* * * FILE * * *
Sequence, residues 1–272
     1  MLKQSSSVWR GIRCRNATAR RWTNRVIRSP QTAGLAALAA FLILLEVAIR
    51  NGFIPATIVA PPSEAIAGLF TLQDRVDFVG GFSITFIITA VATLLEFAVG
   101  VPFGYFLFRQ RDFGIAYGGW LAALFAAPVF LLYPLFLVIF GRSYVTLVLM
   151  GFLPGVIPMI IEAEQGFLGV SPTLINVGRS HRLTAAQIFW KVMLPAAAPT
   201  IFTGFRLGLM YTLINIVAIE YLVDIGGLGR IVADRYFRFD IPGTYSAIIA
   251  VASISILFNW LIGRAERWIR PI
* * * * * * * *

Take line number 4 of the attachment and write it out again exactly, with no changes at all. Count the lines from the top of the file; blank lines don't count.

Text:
   101  VPFGYFLFRQ RDFGIAYGGW LAALFAAPVF LLYPLFLVIF GRSYVTLVLM